Later, yesterday, I headed across town to attend an InterNations Beijing gathering of newly arrived ex-pats from across the world. InterNations groups are all over the globe and they’re made up of, well, ex-pats from different countries, who get together for various gatherings. Everyone speaks English and I’m probably the only one who only speaks English. They host all sorts of outings as well as get-togethers with others who have the same interests, hobbies, etc. This meeting was held at the Regent Hotel in the very tony district of Dongcheng. How tony is this hotel? The Maserati showroom can be found, just off the lobby entrance. A 12 oz bottle of Tsingtao costs 40 RMB. If you do the math, that’s the equivalent of 20 (count em) 20, 24 oz bottles of the Harbin beer I’ve been assiduously purchasing. So that’s 40 times the amount of beer for the same price. So, my three beers at this hotel would have bought me, oh, a couple of months supply of Harbin. Just saying…
To avoid the evening rush-hour, subway nightmare, I arrived a few hours early and simply walked, in no particular direction, to see what I could see. About a couple of kilometers away I struck pay dirt, so to speak. All of a sudden, I found myself in a part of town that was decidedly Russian (see photos.) At first I thought that it must be an enclave of Kazakhs which, despite the village scene from Borat, can look very Asian- considering that scene was filmed in Romania, you wouldn’t expect to see Asian looking people; as an aside, the village, like many people depicted in the film, sued Sasha Baron Cohen, for making them look like idiots. No lawsuit prevailed, but again, it is the Sue Me States of America.™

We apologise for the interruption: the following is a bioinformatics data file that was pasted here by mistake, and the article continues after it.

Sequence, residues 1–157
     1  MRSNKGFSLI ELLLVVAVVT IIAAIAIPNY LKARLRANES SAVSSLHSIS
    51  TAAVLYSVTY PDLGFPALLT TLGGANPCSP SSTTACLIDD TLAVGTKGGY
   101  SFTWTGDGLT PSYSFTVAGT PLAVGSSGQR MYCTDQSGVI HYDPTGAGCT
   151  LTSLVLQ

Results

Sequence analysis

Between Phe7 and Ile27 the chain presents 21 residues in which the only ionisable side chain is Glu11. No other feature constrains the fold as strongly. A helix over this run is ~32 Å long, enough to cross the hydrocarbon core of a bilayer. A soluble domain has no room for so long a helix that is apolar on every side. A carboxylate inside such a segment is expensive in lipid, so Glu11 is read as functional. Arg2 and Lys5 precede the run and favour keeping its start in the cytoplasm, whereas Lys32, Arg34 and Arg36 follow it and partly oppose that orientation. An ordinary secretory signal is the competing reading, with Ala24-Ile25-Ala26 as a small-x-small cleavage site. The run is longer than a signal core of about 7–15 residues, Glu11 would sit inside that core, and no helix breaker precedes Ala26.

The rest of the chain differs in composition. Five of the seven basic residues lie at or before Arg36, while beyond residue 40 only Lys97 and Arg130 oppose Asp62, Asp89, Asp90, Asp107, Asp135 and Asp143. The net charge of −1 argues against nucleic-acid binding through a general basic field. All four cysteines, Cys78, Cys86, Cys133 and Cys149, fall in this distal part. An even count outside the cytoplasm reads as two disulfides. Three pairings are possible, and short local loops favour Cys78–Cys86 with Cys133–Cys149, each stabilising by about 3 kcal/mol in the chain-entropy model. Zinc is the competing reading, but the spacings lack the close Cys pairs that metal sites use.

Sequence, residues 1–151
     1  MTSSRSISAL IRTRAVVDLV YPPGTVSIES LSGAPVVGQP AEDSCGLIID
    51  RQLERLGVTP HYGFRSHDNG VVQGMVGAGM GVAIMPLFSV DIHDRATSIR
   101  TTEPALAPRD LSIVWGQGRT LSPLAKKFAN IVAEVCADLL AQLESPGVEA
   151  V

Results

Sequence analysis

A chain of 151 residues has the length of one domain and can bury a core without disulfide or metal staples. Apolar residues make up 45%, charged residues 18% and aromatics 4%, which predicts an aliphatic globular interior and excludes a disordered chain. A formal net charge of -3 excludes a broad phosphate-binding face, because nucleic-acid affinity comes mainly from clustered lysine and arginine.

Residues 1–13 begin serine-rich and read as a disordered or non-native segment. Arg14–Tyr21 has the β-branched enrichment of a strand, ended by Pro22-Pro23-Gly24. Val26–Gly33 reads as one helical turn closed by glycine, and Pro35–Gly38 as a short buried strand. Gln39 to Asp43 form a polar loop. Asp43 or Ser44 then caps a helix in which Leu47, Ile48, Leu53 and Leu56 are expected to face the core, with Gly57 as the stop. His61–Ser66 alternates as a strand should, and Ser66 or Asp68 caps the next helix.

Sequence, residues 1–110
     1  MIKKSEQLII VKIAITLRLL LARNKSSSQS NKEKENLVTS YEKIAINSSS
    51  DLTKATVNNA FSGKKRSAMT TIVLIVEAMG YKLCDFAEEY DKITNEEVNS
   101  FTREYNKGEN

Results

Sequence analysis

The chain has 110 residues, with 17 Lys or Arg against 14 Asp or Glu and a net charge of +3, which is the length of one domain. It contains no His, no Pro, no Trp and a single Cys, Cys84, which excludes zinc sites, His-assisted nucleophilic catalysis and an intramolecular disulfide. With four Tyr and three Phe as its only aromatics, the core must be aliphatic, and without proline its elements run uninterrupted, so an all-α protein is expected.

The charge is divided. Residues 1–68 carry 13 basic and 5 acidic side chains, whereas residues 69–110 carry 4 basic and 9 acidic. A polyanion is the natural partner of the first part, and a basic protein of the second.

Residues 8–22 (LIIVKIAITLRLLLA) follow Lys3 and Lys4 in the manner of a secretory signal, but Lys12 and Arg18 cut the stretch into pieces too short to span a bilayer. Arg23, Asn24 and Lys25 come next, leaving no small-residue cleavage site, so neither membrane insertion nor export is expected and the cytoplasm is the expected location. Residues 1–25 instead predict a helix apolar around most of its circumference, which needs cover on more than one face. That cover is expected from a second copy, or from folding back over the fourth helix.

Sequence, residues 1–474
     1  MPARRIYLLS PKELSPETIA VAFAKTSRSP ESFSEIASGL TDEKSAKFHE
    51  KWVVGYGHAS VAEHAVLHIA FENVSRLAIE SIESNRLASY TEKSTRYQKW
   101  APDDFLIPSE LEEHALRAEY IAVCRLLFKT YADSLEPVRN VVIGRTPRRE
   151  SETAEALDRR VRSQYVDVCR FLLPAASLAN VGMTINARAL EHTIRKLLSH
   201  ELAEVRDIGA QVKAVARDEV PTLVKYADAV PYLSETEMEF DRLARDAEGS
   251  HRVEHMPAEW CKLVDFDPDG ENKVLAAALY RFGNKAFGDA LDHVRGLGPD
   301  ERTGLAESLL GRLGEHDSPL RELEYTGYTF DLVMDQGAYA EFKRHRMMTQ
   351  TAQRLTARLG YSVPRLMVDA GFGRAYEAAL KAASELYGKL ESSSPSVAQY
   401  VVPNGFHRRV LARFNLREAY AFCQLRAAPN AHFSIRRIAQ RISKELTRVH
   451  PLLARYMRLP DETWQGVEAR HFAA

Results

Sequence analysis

When I got back to the hotel, I went online to see exactly where I had been (isn’t the internet amazing, even when there are no cats involved?) I was wrong about my Kazakh theory. The answer is more prosaic. It’s the Russian fur district known as Yaobaolu. I was wondering why I saw so many fur shops. Click on the above link for a very funny travelogue by a lady who dined in one of the restaurants there. Notice the photo adorning her site, is one of the pictures I took. I always have wanted to go to Russia. Interestingly, English First does have teaching centers there, but given Russian/American relations these days, there was simply no way I wanted to risk a Russian GULAG (I am, after all, an American Jew; a double-whammy, to be sure.) if things continue (as they surely will) to deteriorate and yes, I put most of the blame on the U.S. Anyway, the area was well-known to some of the ex-pats I met and it has a rather checkered, if not, lurid history.
So, do I get to check, going to Russia off my bucket list?